Workers today are displaying discontent with their jobs at unprecedented levels. In late July, for example, protesters in St. Louis congregated in an otherwise bustling drive-thru of a local McDonald’s. They were there to demand the corporation pay them at least $15 per hour — about $5 more than the current minimum wage in Missouri.
Worker discontent isn’t a problem unique to my home state, though. From Charlotte, North Carolina, to Detroit and Houston, workers are going on strike for better pay, benefits, and working conditions. And who can blame them?
As many of us transitioned to remote work during COVID-19, employees in low-wage, low-opportunity jobs like fast-food workers had to hunker down.
This often meant pulling longer hours under dangerous conditions with little to no hazard pay or sick leave.
The Hiring Problem
Walkouts aren’t the only issue employers are battling, though. As fast-food chains expand locations to match consumer spending, hiring can’t keep pace. “Help wanted” signs abound, but the restaurant industry was still 1.2 million employees short in March.
The internet has no shortage of pro-business pundits blaming the labor shortage on unemployment benefits. Stimulus payments, they’d like you to believe, have incentivized people to stay home and collect from the government.
Beyond further stigmatizing minimum-wage workers, this line of thinking is just plain wrong.
Missouri, for instance, was one of the first states to end federal aid, yet our labor market remains sluggish at best. And even though a quarter of Americans earned more money from unemployment than they would’ve by working — one-third still struggled to cover basic expenses like food, housing, and medical services.
When people can’t pay basic living expenses — it says a lot more about American employers than employees.
Done With Dead-End Jobs
The workforce needs a reboot, and it will take a serious culture shift among employers. Instead, many have turned to token offerings like signing bonuses and free iPhones in attempts to lure workers back. But these kinds of solutions simply won’t work because the problem extends far beyond incentivizing employees.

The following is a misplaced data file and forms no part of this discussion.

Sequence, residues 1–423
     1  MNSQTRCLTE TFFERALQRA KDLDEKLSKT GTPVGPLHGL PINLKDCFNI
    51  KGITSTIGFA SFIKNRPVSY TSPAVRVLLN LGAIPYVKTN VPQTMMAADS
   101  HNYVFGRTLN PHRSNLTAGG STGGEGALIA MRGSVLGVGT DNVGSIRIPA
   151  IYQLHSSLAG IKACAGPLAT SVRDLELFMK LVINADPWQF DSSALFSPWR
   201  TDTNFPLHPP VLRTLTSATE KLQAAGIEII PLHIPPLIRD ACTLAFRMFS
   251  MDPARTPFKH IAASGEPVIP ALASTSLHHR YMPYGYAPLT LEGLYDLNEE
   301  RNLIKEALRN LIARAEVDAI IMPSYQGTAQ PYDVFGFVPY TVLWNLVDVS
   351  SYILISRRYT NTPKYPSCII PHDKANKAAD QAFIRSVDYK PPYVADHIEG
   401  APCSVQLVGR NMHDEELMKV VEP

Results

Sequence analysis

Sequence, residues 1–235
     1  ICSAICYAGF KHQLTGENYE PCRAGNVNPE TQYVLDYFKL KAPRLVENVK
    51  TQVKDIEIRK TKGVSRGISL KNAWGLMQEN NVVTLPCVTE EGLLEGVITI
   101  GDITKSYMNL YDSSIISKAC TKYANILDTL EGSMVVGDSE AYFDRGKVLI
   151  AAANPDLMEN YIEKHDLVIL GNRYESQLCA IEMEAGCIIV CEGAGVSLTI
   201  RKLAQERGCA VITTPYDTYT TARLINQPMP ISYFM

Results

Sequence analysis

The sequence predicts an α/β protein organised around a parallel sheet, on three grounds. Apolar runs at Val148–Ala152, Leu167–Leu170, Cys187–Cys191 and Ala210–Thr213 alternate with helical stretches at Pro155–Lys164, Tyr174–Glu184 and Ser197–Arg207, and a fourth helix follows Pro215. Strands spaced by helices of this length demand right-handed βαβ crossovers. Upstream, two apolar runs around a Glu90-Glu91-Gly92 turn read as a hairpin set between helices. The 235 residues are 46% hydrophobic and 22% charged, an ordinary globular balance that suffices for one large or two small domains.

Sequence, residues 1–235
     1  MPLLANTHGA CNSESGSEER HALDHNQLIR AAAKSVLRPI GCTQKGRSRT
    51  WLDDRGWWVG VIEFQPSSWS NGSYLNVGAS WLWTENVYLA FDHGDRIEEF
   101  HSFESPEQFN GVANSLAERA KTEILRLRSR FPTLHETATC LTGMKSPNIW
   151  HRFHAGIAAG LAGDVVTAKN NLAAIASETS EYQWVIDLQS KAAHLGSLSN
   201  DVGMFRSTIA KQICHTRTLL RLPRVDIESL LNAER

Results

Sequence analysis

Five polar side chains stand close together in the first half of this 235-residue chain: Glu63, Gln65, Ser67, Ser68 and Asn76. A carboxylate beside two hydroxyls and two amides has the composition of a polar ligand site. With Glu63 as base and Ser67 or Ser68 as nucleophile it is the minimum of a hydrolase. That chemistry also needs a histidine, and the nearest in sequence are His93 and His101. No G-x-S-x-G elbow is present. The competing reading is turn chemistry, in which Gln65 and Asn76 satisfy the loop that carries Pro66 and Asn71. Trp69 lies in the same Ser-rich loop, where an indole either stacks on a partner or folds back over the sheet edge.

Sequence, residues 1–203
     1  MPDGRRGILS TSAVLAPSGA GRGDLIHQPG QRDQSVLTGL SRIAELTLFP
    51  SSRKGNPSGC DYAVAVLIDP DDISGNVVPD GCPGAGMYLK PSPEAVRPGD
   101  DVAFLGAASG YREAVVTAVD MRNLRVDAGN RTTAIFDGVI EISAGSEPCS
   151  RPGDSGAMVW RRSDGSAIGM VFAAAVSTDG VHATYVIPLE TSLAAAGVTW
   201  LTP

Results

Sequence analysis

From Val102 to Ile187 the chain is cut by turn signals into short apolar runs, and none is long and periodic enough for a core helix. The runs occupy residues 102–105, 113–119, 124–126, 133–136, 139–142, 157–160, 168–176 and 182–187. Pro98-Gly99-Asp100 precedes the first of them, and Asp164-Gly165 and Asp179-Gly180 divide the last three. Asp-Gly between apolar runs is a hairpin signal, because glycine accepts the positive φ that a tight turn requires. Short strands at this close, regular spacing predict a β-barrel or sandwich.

During the pandemic, many people realized that doing the same low-wage, low-skill job every day was no longer going to cut it.
The dead-end job has to die for people to reenter the job market.
We need to first examine the current skill sets of American workers and then determine how to equip them with more in-demand skills — something workers desperately want. A BCG study found that 68% of workers would retrain for a new role, but that willingness was closer to 70% for occupations hit hardest by the pandemic. Most people, however, can’t afford to get a second college degree or pay thousands for a training program. This is where employers can step in.
Upskilling in Practice
Last year, for instance, Amazon announced it would invest $700 million to upskill 100,000 employees (about one-third of its workforce). Similarly, Comcast created a program to upskill its customer support staff into software developers to fill open roles.
Programs like these are built to provide upward mobility, helping adults move from lower – to middle – to higher-skill work. When that blueprint is replicated throughout the market, it creates a more fluid and vibrant workforce. Offering a one-time material perk like a free phone won’t make a company a better place to work — and it certainly won’t create a self-sustaining talent pipeline.
Time to Prioritize Upward Mobility
There’s no returning to a pre-pandemic U.S. workforce. While it was once possible to make a living working in a fast-food restaurant, that hasn’t been the case for some time now. In St. Louis, for example, an MIT analysis shows the living wage for a single, child-free adult is $14.23 an hour. That number doubles with even one child in the household.
Upward mobility has stalled, and it simply doesn’t exist in most cases.
It’s no wonder the resignation rate was 2.4% in March. The writing was on the wall before COVID, though: A January 2020 report found that a lack of career progression was the top reason people were quitting their jobs — followed by low pay.
It’s Up to Employers
The gap we see between unemployed Americans and the rising number of open jobs tells us that employers aren’t offering workers what they require.
We need to build a workforce that opens up new opportunities for those just entering the market and regularly moves people into higher-skilled jobs — a career escalator if you will.
Employers who consistently and strategically move employees along a learning path, generating long-term success for them will reap great benefits for themselves as well.
Image Credit: tim mossholder; unsplash; thank you!
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